How to Solve Ratio Word Problems

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  • 0:04 Where Are Ratios?
  • 0:50 What is a Ratio?
  • 1:23 What is a…
  • 2:33 Solving Proportions…
  • 3:11 Solving Ratio Word Problems
  • 4:46 Lesson Summary
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Lesson Transcript
Thomas Higginbotham

Tom has taught math / science at secondary & post-secondary, and a K-12 school administrator. He has a B.S. in Biology and a PhD in Curriculum & Instruction.

Expert Contributor
Kathryn Boddie

Kathryn earned her Ph.D. in Mathematics from UW-Milwaukee in 2019. She has over 10 years of teaching experience at high school and university level.

We see ratios all around us every day. From the grocery store, to forecasting into the future, to enlarging or shrinking pictures, a command of ratios can be a powerful math tool. In this lesson, learn how to solve word problems with ratios in them.

Where Are Ratios?

Ratios are everywhere around us. Try these on for size:

  • A 5 oz. bag of gummy bears is $1.49. Is it a better deal to get the 144 oz. bag for $15.99?
  • You've got 60 homework problems to do and it took you 10 minutes to do eight of them. At that rate, how long will it take?
  • Your favorite painting in the museum is 5 feet by 8 feet. How big will the eyes in that painting be on your smart phone's 4.3-inch screen?

We could go on and on; and while each of these appear to be different problems - dealing with money, time, and size - they are, at their core, the same. They all involve ratios.

Let's break down ratios a little more and see how they can help us solve these types of problems.

What Is a Ratio?

A ratio is a comparison between two numbers. To keep it simple, we'll ignore the units (e.g., cost in dollars or weight in ounces) and focus just on the number part for a bit. For example, how does 3 compare to 6? Well, three is half of six. We can write ratios in one of three ways:

  1. 3:6
  2. 3/6
  3. 3 to 6

Because we'll be using ratios mathematically, we'll use the format '/' for the rest of the lesson.

What Is a Proportion?

By itself, a ratio is limited to how useful it is. However, when two ratios are set equal to each other, they are called a proportion. For example, 1/2 is a ratio and 3/6 is also a ratio. If we write 1/2 = 3/6, we have written a proportion. We can also say that 1/2 is proportional to 3/6. In math, a ratio without a proportion is a little like peanut butter without jelly or bread.

How Proportions Can Help

In math problems and in real life, if we have a known ratio comparing two quantities, we can use that ratio to predict another ratio, if given one half of that second ratio. In the example 1/2 = 3/?, the known ratio is 1/2. We know both terms of the known ratio. The unknown ratio is 3/?, since we know one term, but not the other (thus, it's not yet a comparison between two ratios). We only know one of the two terms in the unknown ratio. However, if we set them as a proportion, we can use that proportion to find the missing number.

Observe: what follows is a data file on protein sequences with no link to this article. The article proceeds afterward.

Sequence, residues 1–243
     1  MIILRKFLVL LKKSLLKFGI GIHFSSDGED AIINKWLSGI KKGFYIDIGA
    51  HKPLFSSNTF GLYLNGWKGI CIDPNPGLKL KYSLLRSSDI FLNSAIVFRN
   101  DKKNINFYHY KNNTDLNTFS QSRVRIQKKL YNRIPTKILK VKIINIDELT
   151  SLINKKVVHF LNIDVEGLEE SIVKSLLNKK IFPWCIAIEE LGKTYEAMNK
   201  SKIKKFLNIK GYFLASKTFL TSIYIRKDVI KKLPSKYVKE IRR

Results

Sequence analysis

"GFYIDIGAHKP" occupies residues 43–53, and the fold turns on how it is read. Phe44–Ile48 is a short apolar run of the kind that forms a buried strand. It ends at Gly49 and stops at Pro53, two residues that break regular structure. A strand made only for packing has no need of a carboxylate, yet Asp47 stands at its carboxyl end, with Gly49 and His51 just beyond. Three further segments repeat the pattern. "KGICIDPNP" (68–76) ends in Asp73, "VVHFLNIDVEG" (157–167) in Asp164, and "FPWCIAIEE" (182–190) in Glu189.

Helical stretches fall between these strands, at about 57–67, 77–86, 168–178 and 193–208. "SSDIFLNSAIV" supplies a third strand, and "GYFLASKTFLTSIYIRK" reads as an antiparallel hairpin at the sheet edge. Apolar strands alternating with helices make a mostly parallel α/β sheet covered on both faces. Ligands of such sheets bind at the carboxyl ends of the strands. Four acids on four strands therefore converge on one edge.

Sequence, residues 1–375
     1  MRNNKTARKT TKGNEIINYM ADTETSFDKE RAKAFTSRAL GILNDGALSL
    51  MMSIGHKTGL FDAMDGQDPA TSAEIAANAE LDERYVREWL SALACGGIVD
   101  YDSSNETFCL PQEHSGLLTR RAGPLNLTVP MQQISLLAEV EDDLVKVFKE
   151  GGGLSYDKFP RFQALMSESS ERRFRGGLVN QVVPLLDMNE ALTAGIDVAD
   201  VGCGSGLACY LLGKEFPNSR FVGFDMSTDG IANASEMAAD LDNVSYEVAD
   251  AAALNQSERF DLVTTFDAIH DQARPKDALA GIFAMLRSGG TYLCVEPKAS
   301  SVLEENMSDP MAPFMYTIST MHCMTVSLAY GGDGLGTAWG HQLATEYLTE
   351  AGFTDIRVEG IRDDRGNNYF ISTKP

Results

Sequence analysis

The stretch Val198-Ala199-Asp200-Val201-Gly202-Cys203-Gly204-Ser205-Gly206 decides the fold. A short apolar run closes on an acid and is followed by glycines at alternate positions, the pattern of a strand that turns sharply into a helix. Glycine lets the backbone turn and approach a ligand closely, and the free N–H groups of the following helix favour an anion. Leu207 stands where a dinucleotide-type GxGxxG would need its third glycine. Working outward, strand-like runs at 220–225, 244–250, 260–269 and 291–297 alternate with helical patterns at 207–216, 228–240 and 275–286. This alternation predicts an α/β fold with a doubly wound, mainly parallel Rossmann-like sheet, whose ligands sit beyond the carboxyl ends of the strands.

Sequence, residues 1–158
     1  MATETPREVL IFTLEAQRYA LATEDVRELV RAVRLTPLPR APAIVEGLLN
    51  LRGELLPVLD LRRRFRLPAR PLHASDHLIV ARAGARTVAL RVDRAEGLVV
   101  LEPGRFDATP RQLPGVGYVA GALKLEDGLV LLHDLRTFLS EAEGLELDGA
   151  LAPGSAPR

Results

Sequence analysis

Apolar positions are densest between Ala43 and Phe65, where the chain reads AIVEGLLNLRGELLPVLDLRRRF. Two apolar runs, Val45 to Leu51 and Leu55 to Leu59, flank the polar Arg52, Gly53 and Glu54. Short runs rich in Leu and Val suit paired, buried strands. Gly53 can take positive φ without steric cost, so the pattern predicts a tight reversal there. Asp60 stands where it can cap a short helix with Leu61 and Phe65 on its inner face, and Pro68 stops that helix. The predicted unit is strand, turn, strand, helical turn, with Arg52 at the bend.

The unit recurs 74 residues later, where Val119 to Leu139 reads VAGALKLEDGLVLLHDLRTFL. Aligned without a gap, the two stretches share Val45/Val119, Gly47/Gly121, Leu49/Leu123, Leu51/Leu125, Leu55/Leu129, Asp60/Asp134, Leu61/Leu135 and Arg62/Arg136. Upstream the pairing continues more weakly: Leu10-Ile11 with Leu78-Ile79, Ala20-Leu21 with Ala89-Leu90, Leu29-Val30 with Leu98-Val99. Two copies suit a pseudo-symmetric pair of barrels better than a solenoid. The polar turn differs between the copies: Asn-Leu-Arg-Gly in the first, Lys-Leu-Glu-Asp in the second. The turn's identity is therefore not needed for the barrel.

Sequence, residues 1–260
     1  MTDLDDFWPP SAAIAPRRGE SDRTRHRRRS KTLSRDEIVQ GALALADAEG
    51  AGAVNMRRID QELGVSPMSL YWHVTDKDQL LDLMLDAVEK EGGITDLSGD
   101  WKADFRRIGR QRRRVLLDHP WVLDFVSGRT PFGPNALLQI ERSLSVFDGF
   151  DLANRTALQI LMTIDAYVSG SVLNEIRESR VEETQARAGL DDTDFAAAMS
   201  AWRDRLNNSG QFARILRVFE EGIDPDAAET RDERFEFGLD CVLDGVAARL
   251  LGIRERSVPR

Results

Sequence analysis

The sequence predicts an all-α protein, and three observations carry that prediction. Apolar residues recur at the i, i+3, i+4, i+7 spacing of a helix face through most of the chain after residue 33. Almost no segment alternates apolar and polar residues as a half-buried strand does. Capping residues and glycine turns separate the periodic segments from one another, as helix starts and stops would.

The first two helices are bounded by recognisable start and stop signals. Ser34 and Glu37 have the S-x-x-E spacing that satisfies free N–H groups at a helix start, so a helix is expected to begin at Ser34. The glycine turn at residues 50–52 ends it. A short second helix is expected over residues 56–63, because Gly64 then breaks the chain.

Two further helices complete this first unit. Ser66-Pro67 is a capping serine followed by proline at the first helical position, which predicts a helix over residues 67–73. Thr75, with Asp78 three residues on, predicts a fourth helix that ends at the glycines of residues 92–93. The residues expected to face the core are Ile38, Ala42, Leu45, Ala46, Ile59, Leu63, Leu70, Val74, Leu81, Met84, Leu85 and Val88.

Solving Proportions with an Unknown Ratio

There are a few different methods we can use to solve proportions with an unknown ratio. However, the easiest and most fail-safe method is to cross-multiply and solve the resulting equation. For the last example, we would have:


1 * x = 2 * 3
1x = 6
x = 6 / 1
x = 6

To check the accuracy of our answer, simply divide the two sides of the equation and compare the decimal that results. In the example, 1/2 = 0.5 and 3/6 = 0.5. That was the correct result.

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Additional Activities

Ratio Word Problems in Real Life

Imagine you are going to host a large dinner party for 20 people, including yourself. You have a lot of favorite recipes you want to make, but none of them are written to serve 20 people. Can you use your skills in solving ratio word problems to figure out the quantities you would need for the ingredients listed below?


1) Your recipe for chocolate chip cookies uses 1 cup of flour for 12 cookies. How much flour will you need in order to make 20 cookies?

2) You recipe for beef and barley soup serves 6 people and requires 4 cups of beef broth. How many cups of beef broth will you need to serve 20 people?

3) Your spaghetti sauce recipe for your world-famous spaghetti and meatballs requires 3.5 pounds of tomatoes. The sauce recipe makes enough sauce for 8 servings. How many pounds of tomatoes will you need to make enough sauce for 20 servings?

4) Your Caesar salad recipe uses 4 pounds of romaine lettuce for 15 servings. How much romaine lettuce do you need to serve all 20 people?


1) 1 cup of flour is used for 12 cookies, and we can write that ratio as 1/12. We need to find how many cups of flour are needed for 20 cookies. We can set up a proportion and solve by cross multiplying.

1/12 = x/20

1 * 20 = 12x

20/12 = x

5/3 = x

You will need 5/3 cups of flour - or 1 2/3 cups of flour.

2) 4 cups of beef broth are needed for 6 people, which gives a ratio of 4/6. To find how many cups of beef broth are needed to make enough soup for 20 people, set up a proportion and solve by cross multiplying.

4/6 = x/20

4 * 20 = 6x

80 = 6x

80/6 = x

40/3 = x

You will need 40/3, or 13 1/3, cups of beef broth.

3) 3.5 pounds of tomatoes makes enough sauce for 8 servings. This is the ratio 3.5/8. To find how many pounds of tomatoes are needed for 20 servings, set up a proportion and solve with cross multiplication.

3.5/8 = x/20

3.5 * 20 = 8x

70 = 8x

70/8 = x

8.75 = x

You will need 8.75 pounds of tomatoes.

4) 4 pounds of romaine lettuce for 15 servings will result in the ratio 4/15. To find how many pounds are needed for 20 servings, set up a proportion and cross multiply.

4/15 = x/20

4 * 20 = 15x

80 = 15x

80/15 = x

16/3 = x

You will need 16/3 pounds, or 5 1/3 pounds of romaine lettuce.

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